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  • Linda Ngitjanka, Yawalyurru at Alkipi, 91x70cm
  • Linda Ngitjanka, Yawalyurru at Alkipi, 91x70cm
  • Linda Ngitjanka, Yawalyurru at Alkipi, 91x70cm
  • Linda Ngitjanka, Yawalyurru at Alkipi, 91x70cm
Linda Ngitjanka, Yawalyurru at Alkipi, 91x70cm
Linda Ngitjanka, Yawalyurru at Alkipi, 91x70cm
Linda Ngitjanka, Yawalyurru at Alkipi, 91x70cm
Linda Ngitjanka, Yawalyurru at Alkipi, 91x70cm

Linda Ngitjanka, Yawalyurru at Alkipi, 91x70cm

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  • Aboriginal Artist - Linda Ngitjanka
  • Community - Ikuntji (Haasts Bluff) 
  • Aboriginal Art Centre - Ikuntji Artists
  • Catalogue number - 04-LN61 
  • Materials - Acrylic on canvas  
  • Size(cm) - H91 W70 D2  
  • Postage variants - Artwork posted un-stretched and rolled for safe shipping
  • Orientation - As displayed

Alkipi is a little outstation south-west of Papunya and west of Ulumbauru outstation. The native bush currants (yawalyurru) also called broad-leafed native currants (Canthium attenuatum) grow there.

Linda was born in 1934 at Warapuyu, north of Browns Bore. Her father was born at Lake Mackay, west of Kintore. Her parents passed away when she was a little girl and she was sent to Haasts Bluff mission where she grew up and married Katapana Alan Tjapanangka. His country is Yumari, also west of Kintore. Her tjukurrpa is the bush raisin, small green and black berries known as ngamanpurru. She also paints her father’s tjukurrpa, waru tjangitjarra (firesticks) and kuturru (nulla nulla) tjukurrpa from her own country, Alkipi. Nulla nullas are cut and carved from mulga hardwood and are used in ceremonies with song and dance, for digging, and occasionally for fighting. Linda’s artistic talents, linked with her natural sense of colour and design, allow her to create vibrant, energetic works representing the mountains (puli) and bush raisins of her home country, Alkipi. She first painted at Ikuntji Women’s Centre in 1996 and now divides her time between Haasts Bluff and Areyonga where her daughter, Tarna, is principal of the school. Linda passed away in October 2010.

A lot of stories are still being recounted of long journeys of people from various language groups, who travelled from rockholes and waterholes to caves and mountains finally arriving at Haasts Bluff. The locals, Luritja people of Haasts Bluff, were already here. Thus Haasts Bluff is a community rich of diversity in language and culture.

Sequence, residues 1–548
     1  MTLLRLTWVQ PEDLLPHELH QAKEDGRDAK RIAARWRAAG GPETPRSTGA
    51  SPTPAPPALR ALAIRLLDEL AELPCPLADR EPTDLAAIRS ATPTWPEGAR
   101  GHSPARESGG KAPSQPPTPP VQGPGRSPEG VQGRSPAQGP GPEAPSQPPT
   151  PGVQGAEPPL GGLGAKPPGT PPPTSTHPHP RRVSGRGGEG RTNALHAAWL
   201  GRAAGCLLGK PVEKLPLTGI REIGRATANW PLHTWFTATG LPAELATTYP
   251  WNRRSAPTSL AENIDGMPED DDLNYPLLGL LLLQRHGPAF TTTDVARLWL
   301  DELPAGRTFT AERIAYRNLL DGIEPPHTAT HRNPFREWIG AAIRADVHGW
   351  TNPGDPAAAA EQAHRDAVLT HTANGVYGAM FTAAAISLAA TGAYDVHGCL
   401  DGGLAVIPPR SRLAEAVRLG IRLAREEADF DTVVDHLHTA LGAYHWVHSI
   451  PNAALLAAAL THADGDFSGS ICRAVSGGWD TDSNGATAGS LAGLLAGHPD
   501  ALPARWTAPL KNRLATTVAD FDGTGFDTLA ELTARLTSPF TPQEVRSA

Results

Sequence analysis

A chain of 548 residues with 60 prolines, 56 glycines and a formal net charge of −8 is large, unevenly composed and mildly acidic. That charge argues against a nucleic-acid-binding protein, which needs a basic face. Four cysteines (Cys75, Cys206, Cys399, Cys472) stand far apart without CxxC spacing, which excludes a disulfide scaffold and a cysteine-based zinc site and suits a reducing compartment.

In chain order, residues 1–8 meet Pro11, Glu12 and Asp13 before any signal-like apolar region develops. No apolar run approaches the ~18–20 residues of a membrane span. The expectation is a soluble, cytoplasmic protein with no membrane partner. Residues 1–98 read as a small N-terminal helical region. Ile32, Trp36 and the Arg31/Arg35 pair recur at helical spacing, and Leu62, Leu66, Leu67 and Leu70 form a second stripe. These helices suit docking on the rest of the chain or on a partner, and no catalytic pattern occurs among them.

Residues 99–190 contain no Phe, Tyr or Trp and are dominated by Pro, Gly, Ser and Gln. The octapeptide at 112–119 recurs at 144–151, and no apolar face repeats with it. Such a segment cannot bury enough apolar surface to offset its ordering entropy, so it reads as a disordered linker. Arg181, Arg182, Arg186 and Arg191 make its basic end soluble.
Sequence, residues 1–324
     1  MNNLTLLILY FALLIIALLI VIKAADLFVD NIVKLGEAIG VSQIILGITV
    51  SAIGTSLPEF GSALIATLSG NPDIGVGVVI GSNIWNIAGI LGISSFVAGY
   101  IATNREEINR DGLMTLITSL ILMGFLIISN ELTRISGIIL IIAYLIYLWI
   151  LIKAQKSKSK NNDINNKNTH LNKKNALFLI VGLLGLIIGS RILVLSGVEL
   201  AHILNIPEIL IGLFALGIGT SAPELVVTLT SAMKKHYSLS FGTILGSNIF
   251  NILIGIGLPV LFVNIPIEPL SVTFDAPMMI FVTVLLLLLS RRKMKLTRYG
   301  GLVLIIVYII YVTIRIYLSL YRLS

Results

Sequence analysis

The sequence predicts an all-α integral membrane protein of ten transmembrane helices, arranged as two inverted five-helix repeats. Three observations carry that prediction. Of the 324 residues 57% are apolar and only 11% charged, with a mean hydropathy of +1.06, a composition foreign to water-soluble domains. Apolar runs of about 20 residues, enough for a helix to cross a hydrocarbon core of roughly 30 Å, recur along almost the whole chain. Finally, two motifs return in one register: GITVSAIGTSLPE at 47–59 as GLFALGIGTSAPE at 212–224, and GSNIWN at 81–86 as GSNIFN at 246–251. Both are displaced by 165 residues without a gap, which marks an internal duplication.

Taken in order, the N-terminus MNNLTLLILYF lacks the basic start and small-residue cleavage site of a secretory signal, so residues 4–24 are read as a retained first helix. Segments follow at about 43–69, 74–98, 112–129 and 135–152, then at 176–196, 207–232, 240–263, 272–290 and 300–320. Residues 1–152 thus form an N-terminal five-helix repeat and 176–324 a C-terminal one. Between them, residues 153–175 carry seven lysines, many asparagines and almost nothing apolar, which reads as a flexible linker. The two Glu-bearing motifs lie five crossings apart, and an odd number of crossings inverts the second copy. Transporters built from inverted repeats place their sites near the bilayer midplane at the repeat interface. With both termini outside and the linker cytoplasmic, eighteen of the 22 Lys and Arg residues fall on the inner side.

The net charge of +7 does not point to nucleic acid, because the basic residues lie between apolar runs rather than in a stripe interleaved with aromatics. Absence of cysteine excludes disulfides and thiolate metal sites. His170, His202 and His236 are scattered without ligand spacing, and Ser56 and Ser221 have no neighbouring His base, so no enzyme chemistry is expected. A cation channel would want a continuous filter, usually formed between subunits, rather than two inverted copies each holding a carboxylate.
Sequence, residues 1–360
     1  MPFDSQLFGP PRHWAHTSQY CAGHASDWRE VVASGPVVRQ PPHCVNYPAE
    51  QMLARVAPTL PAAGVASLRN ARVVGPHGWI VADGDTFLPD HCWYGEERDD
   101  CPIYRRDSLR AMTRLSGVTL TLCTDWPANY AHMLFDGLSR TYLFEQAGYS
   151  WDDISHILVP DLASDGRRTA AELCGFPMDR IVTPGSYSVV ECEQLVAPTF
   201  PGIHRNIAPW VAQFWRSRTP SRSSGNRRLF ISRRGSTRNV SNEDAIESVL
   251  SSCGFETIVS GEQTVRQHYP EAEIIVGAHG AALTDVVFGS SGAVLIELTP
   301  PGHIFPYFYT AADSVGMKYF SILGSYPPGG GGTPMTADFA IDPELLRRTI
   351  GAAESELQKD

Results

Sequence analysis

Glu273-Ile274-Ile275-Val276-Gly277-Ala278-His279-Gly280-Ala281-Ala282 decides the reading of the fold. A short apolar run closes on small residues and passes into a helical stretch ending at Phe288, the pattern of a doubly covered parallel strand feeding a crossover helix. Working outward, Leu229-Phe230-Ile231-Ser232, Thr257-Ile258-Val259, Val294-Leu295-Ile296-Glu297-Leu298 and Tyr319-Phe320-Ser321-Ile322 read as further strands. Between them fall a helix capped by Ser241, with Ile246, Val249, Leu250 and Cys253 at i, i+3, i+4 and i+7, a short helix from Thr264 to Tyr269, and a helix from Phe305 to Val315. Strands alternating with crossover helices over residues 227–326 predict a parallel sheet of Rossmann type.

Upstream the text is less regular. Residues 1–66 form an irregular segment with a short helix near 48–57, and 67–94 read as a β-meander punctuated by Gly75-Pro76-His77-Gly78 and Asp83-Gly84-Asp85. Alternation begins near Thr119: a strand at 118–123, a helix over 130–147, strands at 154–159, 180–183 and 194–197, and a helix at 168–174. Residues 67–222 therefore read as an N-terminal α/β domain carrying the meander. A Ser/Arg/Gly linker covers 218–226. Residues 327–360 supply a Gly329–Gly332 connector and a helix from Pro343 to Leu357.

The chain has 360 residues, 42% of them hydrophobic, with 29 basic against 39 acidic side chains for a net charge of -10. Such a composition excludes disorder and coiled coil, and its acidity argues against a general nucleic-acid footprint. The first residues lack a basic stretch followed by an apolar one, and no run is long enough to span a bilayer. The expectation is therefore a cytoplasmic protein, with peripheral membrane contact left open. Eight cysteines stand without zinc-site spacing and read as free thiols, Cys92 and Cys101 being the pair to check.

Ikuntji Artists was first established in 1992, after a series of workshops with Melbourne artist Marina Strocchi, and under the influence of the then community president, the late Esther Jugadai. The art centre was initially set up to fulfil the role of women’s centre providing services such as catering for old people and children in the community. After first experiences made in printing T-shirts, the artists began producing acrylic paintings on linen and handmade paper, which quickly gained the attention of the Australian and international art world as well as earning the centre an impressive reputation for fine art. The focus changed from a women’s centre to an art centre in 2005 with the incorporation of the art centre as Ikuntji Artists Aboriginal Corporation.

The artists draw their inspiration from their personal ngurra (country) and Tjukurrpa (Dreaming). They interpret the ancestral stories by using traditional symbols, icons and motifs. The artistic repertoire of Ikuntji Artists is diverse and includes for example: naive as well as highly abstract paintings told by each artist in their personal signature style. Throughout the 21 years of its existence the art movement in Ikuntji has flourished and constantly left its mark in the fine art world. At the same time the art centre has been the cultural hub of the community, maintaining, reinforcing and reinvigorating cultural practices through art-making.

Today Ikuntji Artists has eight key artists, who exhibit in Australia and internationally. They are represented in major collections across the globe.

Text: Melanie Greiner, Alison Multa and Dr Chrischona Schmidt